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Genome and Phylogenetic Analyses of Trypanosoma evansi Reveal Extensive Similarity to T. brucei and Multiple Independent Origins for Dyskinetoplasty

  • Jason Carnes, 
  • Atashi Anupama, 
  • Oliver Balmer, 
  • Andrew Jackson, 
  • Michael Lewis, 
  • Rob Brown, 
  • Igor Cestari, 
  • Marc Desquesnes, 
  • Claire Gendrin, 
  • Christiane Hertz-Fowler
PLOS
x

Abstract

Two key biological features distinguish Trypanosoma evansi from the T. brucei group: independence from the tsetse fly as obligatory vector, and independence from the need for functional mitochondrial DNA (kinetoplast or kDNA). In an effort to better understand the molecular causes and consequences of these differences, we sequenced the genome of an akinetoplastic T. evansi strain from China and compared it to the T. b. brucei reference strain. The annotated T. evansi genome shows extensive similarity to the reference, with 94.9% of the predicted T. b. brucei coding sequences (CDS) having an ortholog in T. evansi, and 94.6% of the non-repetitive orthologs having a nucleotide identity of 95% or greater. Interestingly, several procyclin-associated genes (PAGs) were disrupted or not found in this T. evansi strain, suggesting a selective loss of function in the absence of the insect life-cycle stage. Surprisingly, orthologous sequences were found in T. evansi for all 978 nuclear CDS predicted to represent the mitochondrial proteome in T. brucei, although a small number of these may have lost functionality. Consistent with previous results, the F1FO-ATP synthase γ subunit was found to have an A281 deletion, which is involved in generation of a mitochondrial membrane potential in the absence of kDNA. Candidates for CDS that are absent from the reference genome were identified in supplementary de novo assemblies of T. evansi reads. Phylogenetic analyses show that the sequenced strain belongs to a dominant group of clonal T. evansi strains with worldwide distribution that also includes isolates classified as T. equiperdum. At least three other types of T. evansi or T. equiperdum have emerged independently. Overall, the elucidation of the T. evansi genome sequence reveals extensive similarity of T. brucei and supports the contention that T. evansi should be classified as a subspecies of T. brucei.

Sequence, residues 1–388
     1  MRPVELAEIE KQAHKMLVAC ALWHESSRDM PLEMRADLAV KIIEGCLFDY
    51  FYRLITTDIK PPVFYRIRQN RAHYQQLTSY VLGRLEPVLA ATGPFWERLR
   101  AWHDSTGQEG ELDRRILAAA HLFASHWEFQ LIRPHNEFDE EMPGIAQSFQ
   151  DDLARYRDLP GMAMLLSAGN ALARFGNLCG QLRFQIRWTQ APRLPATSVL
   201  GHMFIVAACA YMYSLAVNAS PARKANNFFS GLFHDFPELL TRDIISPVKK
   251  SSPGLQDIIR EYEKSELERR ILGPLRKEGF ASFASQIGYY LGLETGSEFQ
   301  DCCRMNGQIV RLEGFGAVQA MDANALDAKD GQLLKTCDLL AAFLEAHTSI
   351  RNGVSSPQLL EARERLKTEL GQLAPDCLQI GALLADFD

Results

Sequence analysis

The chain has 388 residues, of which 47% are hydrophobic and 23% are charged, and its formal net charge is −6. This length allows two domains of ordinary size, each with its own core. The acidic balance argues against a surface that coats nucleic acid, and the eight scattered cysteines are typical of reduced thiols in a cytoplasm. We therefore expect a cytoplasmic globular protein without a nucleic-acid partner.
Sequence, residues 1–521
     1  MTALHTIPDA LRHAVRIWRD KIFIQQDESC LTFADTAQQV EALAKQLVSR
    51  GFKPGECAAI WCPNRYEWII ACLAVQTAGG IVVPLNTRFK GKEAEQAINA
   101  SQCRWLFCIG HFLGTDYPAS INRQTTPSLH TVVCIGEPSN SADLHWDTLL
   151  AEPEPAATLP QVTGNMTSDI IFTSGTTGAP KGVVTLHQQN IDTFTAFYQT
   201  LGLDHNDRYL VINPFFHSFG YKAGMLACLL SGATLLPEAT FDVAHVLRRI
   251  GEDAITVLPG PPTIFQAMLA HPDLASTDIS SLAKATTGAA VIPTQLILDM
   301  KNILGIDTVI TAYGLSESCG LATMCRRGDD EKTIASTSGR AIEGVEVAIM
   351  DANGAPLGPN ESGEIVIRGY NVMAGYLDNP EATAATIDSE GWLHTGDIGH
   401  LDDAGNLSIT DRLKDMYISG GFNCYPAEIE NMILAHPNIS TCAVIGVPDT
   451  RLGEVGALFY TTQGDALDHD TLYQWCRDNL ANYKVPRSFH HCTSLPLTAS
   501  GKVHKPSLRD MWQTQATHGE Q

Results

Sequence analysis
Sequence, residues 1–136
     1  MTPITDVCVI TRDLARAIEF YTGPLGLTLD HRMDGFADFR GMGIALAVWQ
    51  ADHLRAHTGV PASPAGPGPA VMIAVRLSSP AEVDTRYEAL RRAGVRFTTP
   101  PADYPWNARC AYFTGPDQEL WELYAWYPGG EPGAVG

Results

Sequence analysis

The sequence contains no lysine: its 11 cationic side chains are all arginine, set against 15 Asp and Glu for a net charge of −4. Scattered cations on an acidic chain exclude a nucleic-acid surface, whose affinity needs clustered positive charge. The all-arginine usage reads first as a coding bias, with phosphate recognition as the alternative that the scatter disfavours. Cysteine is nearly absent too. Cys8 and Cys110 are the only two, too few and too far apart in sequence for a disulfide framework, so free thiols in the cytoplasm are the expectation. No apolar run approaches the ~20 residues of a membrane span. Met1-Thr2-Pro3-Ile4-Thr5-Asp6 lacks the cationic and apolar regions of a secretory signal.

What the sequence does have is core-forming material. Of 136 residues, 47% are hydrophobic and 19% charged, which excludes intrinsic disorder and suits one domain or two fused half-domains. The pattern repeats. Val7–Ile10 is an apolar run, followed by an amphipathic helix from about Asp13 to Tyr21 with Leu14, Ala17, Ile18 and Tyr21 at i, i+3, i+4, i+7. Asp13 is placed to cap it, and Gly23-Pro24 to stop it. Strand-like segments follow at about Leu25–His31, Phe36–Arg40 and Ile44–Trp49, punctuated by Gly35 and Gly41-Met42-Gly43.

Author Summary